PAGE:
Perhaps our two countries can work together in this. Namdaemun Market is already known as one of the major tourist attractions of South Korea among Kuwaitis who like traditional markets, but perhaps the two countries can enhance the services for Kuwaiti tourists or further promote the market with a more foreigner-friendly atmosphere or more foreign-friendly activities other than simply eating and shopping.
However, I do not think the market should be modernized in ways that [would have] it lose its traditions. Namdaemun Market, I find it beautiful as it is, with its bending roads and streets and bustling and laughing people.
Kuwait in brief
• Capital: Kuwait City
• Largest city: Kuwait City (pop. 4.1 million)
• Area: 6,879 square miles
• Population: 4.4 million
• Main languages: Arabic, English
• Korean expats: Around 2,000 as of 2017
• National day: Independence Day on Feb. 25
• Fun fact: Kuwait consists of nine islands, with the Arabian Desert as the vast majority of its land. Expats make up some 70 percent of the population.
Korea and Kuwait established diplomatic ties on June 11, 1979, and the two countries will celebrate 40 years of bilateral ties next year. Kuwait is Korea’s second-largest provider of crude oil. According to the Kuwaiti Embassy in Seoul, Korean companies have won contracts for several projects in development and infrastructure plans on roads, oil facilities and housing in the 2035 Kuwait Vision, worth around $30 billion. Last year, the two countries agreed to cooperate on the South Saad Al-Abdullah Smart City Project. The ongoing bilateral project for the Sheikh Jaber Al-Sabah Causeway, whose construction is led by Hyundai E&C, is expected to be completed by the end of this year with a distance of 22 miles. Former South Korean President Park Geun-hye visited Kuwait in 2015, and Kuwaiti Prime Minister Sheikh Jaber Al-Mubarak Al-Hamad Al-Sabah visited Korea the following year.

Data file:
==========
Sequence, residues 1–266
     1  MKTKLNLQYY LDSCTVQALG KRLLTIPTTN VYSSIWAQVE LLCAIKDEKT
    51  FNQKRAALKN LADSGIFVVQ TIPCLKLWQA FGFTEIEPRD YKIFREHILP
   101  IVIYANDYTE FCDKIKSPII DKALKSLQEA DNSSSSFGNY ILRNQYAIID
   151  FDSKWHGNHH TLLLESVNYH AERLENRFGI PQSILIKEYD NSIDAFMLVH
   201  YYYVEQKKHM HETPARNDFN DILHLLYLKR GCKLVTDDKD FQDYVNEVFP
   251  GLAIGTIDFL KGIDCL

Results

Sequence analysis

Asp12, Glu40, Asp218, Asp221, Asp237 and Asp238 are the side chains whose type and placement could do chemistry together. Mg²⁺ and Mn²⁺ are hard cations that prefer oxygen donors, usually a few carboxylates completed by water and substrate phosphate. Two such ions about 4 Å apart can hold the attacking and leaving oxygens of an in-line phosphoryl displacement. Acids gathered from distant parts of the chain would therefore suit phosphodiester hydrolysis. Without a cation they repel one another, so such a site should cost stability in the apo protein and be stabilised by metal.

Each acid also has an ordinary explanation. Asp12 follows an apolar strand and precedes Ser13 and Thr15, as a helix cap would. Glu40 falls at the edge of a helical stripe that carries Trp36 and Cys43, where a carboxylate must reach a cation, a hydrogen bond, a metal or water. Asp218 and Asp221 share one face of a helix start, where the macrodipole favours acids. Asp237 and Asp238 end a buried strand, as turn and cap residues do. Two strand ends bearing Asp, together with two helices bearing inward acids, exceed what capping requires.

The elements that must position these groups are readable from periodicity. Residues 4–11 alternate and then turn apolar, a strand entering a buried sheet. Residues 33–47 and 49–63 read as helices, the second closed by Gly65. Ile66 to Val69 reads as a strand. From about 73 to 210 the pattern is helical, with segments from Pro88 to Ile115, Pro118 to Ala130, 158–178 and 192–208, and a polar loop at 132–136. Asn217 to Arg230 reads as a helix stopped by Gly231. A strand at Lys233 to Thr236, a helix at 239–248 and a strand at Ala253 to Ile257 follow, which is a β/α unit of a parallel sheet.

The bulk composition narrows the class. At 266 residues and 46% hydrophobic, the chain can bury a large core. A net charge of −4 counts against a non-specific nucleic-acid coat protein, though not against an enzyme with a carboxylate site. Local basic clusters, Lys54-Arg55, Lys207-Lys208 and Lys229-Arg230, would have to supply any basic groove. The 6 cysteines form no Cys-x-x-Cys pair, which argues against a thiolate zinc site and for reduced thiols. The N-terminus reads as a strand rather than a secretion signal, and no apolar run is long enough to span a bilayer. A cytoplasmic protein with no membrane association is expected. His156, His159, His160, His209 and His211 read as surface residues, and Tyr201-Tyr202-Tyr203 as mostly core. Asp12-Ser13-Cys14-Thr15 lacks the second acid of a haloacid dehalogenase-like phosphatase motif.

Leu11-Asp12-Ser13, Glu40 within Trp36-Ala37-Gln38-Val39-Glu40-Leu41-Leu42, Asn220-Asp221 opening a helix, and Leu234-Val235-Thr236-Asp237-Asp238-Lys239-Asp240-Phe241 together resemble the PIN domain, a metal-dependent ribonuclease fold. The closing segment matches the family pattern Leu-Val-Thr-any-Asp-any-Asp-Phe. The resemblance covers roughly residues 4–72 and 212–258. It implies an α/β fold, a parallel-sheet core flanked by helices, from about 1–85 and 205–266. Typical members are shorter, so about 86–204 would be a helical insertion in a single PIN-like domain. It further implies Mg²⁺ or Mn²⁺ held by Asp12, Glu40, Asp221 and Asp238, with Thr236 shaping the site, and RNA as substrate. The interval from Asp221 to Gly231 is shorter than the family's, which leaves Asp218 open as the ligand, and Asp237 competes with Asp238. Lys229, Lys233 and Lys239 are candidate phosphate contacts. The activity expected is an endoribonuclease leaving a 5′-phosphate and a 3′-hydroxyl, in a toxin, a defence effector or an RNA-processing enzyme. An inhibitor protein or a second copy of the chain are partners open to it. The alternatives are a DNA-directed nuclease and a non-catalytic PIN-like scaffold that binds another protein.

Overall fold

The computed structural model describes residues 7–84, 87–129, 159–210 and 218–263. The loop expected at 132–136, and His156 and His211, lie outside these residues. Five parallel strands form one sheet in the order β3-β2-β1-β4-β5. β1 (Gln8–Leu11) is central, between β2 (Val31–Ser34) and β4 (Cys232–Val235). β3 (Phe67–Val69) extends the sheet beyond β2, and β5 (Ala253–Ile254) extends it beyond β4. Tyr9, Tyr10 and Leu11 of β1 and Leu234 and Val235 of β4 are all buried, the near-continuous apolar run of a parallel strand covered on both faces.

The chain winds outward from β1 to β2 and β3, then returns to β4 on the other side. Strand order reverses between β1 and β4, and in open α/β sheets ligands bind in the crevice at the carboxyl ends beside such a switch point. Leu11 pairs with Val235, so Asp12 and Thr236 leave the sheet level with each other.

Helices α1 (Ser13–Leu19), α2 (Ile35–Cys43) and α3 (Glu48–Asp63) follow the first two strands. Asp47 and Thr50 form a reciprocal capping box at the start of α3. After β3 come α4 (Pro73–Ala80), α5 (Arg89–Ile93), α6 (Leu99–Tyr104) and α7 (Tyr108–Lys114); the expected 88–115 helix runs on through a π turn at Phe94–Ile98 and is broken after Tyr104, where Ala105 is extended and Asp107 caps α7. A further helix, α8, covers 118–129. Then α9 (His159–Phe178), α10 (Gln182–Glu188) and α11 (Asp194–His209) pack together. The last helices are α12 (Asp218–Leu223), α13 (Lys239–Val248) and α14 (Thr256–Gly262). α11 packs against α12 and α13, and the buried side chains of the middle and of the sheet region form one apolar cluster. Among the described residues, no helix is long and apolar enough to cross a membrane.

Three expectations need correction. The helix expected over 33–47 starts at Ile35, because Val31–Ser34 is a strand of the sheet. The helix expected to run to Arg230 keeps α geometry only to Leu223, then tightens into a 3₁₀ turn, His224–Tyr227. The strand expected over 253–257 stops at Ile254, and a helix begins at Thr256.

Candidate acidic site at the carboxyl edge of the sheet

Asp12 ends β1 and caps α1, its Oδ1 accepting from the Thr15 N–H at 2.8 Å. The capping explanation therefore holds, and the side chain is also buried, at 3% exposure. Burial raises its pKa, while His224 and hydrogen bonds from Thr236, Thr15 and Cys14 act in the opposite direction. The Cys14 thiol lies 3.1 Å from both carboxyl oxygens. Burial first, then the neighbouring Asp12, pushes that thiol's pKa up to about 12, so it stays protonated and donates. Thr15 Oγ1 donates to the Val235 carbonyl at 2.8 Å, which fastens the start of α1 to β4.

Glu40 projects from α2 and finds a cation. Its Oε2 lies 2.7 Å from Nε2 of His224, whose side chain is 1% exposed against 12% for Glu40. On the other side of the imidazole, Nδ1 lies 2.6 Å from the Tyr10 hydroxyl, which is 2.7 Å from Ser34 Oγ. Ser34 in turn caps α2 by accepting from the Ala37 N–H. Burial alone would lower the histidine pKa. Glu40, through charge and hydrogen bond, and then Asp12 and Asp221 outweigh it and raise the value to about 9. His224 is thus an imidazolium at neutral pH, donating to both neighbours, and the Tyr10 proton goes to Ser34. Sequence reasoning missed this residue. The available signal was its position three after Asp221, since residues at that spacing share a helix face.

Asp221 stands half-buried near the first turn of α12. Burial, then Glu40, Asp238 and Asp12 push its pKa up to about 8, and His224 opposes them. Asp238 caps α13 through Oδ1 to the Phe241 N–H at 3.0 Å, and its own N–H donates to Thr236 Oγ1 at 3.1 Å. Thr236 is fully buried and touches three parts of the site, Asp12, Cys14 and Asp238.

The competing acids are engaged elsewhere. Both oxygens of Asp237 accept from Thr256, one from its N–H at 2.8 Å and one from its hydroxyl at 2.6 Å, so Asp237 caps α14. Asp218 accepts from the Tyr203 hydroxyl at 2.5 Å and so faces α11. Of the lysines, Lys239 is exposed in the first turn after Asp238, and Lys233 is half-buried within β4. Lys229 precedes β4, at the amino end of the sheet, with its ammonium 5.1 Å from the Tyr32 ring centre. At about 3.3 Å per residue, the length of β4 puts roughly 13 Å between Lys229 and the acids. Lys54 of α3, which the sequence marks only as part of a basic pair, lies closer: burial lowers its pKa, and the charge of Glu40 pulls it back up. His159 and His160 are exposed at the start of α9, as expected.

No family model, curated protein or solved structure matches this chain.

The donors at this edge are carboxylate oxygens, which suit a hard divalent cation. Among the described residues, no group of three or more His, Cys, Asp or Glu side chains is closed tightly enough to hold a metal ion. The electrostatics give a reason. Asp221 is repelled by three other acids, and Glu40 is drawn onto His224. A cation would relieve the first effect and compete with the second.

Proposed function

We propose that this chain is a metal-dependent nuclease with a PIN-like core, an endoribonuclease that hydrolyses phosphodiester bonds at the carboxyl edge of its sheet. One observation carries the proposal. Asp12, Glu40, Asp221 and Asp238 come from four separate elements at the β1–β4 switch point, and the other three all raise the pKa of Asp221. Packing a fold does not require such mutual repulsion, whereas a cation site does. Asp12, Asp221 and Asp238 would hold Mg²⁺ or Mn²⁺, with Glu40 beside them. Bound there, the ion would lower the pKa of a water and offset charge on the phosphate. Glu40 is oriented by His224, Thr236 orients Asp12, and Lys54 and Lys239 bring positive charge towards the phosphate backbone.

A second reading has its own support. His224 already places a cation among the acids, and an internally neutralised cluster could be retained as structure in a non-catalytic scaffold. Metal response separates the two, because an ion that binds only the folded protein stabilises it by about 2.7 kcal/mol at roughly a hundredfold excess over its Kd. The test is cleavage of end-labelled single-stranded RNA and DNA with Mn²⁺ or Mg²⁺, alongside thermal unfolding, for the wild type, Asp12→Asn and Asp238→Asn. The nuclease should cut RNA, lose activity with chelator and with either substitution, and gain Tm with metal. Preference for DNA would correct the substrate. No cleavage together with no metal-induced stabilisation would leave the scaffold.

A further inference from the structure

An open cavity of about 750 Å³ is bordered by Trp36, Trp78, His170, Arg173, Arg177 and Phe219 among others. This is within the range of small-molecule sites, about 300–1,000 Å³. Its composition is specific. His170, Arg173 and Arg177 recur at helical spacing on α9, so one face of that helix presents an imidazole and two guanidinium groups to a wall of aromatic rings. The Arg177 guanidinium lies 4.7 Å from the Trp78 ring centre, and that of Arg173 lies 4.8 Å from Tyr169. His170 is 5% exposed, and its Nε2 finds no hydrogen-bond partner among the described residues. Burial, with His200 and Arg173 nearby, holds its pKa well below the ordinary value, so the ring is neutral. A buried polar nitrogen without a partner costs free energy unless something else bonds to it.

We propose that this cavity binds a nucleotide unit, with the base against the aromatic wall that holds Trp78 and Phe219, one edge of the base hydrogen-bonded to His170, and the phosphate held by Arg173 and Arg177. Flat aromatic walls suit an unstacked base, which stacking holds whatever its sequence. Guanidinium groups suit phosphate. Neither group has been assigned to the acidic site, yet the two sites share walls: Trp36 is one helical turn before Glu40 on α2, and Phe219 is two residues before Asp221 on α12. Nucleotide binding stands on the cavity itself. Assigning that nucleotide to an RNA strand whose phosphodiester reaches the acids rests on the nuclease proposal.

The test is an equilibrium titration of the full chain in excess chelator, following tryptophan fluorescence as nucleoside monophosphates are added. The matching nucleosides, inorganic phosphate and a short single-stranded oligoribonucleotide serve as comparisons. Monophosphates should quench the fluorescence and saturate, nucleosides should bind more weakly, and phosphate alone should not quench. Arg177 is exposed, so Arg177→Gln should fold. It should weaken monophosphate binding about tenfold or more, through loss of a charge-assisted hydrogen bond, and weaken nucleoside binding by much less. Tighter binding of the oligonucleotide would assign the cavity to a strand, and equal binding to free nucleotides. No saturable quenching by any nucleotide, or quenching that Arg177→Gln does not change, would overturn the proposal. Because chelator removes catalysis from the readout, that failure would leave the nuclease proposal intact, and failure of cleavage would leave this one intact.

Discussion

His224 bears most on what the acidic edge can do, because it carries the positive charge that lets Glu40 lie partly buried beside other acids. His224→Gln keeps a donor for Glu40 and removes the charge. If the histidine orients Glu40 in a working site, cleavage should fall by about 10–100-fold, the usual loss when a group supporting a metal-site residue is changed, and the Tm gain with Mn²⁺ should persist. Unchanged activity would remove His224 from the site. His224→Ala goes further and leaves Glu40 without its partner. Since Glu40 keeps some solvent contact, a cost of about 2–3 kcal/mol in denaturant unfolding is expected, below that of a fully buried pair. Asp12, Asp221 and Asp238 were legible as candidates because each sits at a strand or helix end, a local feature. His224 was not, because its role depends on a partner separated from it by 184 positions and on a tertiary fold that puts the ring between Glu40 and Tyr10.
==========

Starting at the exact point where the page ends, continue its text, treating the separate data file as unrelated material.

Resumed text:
Bader Mohammad al-Awadi
Ambassador Bader Mohammad al-Awadi was posted to Korea in December 2016. The top envoy was previously the Kuwaiti ambassador to Cuba, and simultaneous non-resident ambassador to Saint Lucia, the Dominican Republic and Antigua and Barbuda. Ambassador al-Awadi has also represented the country in the permanent mission of Kuwait to the UN in New York from 1995 to 2004, when he addressed the situation between Kuwait and Iraq. In his free time, he likes to play sports, especially football, take walks and listen to classical and traditional Kuwaiti music, as well as music from all over the world.
BY ESTHER CHUNG [firstname.lastname@example.org]